Many beginner music producers face spending a lot of money on expensive music production software to begin their musical journey.
Luckily, there are a couple of free options out there, with Audacity being the one mostly used.
Although it is well known as a simple audio editor, can Audacity be used for music production and a full-fledged DAW?
In this article, we’ll explore how you can take full advantage of it and point out some of the limitations so you can judge if Audacity is good enough for your needs.
How To Get Started In Audacity?
Audacity is a surprisingly versatile piece of audio recording software, and it can technically allow you to record, edit and mix your songs.
But before we go into detail, let’s discuss the first major drawback of this software – you can’t record MIDI.
There isn’t support for such a feature, so the only option is to work with audio.
This can be an immediate turnoff for some electronic music producers who record most of their sounds through VST’s. Production of such genres will have to be limited to using audio loops, which still isn’t too bad, but it drastically impacts the workflow.
However, if the style you’re producing mostly features live recordings, you’ll be glad to know that Audacity can handle almost all of your recording needs.
Let me take you through the process.
Recording Audio In Audacity
Before we begin recording for real, it’s useful to see if we have the proper equipment.
To ensure the best possible quality of sound, it’s desirable to get a USB audio interface. This will give you a clean input signal as well as solve the problem of latency.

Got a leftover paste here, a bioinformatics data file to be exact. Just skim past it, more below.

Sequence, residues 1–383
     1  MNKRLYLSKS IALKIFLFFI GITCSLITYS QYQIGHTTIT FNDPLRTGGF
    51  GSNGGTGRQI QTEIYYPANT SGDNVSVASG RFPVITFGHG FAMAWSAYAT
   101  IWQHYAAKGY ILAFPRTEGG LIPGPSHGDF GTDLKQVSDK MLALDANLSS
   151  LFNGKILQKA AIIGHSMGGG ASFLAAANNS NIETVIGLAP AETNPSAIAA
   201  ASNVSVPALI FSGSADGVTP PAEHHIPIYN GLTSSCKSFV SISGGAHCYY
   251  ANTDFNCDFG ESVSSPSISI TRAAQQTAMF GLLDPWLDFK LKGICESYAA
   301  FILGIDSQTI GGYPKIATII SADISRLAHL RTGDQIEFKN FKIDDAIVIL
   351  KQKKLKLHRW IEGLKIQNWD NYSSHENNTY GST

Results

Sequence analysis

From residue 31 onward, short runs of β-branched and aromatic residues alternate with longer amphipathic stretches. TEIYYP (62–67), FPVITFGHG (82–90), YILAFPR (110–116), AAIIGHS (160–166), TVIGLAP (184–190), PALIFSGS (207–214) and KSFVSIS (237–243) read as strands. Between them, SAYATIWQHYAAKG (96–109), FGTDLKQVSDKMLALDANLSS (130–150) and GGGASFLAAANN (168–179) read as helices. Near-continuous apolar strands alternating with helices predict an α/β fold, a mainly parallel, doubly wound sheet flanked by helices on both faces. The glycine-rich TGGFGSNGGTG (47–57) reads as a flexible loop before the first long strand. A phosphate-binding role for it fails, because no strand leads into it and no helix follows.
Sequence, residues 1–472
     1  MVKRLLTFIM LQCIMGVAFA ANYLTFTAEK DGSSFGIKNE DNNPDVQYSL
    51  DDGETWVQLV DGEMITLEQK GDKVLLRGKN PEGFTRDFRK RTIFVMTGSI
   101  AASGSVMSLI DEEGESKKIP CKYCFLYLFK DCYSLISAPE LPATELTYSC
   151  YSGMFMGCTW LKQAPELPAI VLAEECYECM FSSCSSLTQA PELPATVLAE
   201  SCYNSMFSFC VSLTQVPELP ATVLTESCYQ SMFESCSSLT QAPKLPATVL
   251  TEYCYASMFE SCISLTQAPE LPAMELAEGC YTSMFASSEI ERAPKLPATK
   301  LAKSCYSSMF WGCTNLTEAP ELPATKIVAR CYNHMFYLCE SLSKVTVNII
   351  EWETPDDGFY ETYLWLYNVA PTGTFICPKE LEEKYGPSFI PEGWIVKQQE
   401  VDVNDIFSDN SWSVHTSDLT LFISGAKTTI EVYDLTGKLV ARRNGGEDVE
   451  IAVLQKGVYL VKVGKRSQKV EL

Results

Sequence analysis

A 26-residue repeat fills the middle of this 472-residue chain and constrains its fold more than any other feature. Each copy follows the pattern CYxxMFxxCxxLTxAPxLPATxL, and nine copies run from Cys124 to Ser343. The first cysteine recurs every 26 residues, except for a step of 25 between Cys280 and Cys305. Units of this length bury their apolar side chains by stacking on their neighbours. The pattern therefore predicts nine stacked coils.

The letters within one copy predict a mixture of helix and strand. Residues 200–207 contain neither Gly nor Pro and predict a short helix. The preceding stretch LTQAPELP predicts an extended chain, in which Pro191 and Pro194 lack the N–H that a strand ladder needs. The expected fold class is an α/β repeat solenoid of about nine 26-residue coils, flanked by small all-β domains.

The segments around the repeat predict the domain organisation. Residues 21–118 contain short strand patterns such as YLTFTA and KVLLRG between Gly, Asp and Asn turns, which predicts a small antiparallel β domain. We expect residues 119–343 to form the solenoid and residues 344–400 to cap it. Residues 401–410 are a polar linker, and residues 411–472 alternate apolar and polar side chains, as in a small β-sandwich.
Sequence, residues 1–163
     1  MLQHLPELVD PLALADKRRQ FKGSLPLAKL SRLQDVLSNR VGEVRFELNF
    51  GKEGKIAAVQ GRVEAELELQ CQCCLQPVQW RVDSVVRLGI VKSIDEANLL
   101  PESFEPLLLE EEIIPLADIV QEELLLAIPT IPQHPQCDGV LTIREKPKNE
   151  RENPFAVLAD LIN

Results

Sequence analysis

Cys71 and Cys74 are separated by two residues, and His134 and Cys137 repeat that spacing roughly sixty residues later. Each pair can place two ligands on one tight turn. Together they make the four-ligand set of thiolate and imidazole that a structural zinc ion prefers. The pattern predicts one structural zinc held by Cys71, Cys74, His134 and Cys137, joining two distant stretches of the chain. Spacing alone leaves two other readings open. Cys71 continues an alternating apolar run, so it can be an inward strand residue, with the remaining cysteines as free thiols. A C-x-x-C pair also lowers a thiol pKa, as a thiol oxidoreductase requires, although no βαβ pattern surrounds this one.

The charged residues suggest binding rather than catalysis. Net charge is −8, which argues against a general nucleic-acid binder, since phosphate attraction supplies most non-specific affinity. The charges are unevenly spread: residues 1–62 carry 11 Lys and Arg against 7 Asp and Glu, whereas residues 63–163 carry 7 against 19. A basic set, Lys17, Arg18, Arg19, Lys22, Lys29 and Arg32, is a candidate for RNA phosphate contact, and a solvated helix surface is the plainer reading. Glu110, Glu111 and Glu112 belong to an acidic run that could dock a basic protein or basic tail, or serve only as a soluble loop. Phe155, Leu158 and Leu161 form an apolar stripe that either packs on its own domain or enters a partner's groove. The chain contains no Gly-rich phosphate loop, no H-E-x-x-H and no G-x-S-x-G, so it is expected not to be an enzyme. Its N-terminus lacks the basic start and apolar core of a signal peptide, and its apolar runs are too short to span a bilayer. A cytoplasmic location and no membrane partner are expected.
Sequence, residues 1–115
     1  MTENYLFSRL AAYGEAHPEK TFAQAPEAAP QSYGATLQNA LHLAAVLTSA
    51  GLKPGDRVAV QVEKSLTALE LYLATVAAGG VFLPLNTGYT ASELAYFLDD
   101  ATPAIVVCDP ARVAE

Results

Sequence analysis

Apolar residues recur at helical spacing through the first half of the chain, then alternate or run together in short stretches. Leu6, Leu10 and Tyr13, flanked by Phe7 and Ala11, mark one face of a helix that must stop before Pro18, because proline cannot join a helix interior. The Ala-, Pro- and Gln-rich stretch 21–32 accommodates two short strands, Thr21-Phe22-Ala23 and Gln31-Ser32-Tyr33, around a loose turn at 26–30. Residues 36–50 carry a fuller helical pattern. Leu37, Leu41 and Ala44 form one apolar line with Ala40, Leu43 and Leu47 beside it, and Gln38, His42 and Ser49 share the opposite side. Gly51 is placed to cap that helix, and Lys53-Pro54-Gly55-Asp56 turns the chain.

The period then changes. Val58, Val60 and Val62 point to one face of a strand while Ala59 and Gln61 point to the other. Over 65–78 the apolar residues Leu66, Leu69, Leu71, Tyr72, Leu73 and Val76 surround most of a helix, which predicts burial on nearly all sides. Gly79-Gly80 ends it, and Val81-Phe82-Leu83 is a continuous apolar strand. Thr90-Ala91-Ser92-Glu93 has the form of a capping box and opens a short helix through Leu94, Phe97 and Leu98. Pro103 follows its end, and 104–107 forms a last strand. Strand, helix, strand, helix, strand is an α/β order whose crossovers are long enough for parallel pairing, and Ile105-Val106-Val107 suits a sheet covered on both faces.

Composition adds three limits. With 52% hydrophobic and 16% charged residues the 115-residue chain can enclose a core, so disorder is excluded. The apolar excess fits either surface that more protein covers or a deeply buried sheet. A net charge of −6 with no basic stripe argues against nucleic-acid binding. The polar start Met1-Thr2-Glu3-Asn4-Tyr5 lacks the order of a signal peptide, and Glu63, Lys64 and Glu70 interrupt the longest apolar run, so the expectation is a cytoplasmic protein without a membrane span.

The next step is as simple as choosing the appropriate mic input and clicking the Record button in the transport section located in the top-left corner.
Right beside the input option, there is an option of choosing between mono or stereo recording.
Depending on your setup, you’ll want to consider this:
If you’re recording with a single microphone, make sure to set it to 1 (Mono) Recording Channel or 2 (Stereo) Recording Channels if you plan on recording a single sound source with 2 microphones.
To ensure our input signal is not too hot, we can monitor our recording levels by clicking the area at the top of the screen beside the transport options. You’ll easily find it by looking for a big microphone symbol.
Once we enable the monitoring, we want to make sure our recorded signal doesn’t reach the red region of the meter. If that happens, we need to turn down the input gain on our USB interface or input level in Audacity.
Audacity also allows you to do a multi-track recording session in much the same way as a single-channel recording. Just make sure to set all the tracks to Mono if you are recording multiple sources simultaneously.
Also, go through every channel separately to ensure that every channel has the right input level.
Importing And Editing In Audacity
There are two ways to import an audio file- either by going to File>Import and choosing the type of file you want to import or drag and drop it right into the session.
If audio is imported, you see clear audio waveforms that can be very useful in navigating the track and finding parts you want to edit.
What makes Audacity stand out is a mighty and intuitive editing function. It has basic functions like Copy, Paste, Cut, Trim, and even some advanced options like Time Shift and Detect Silence.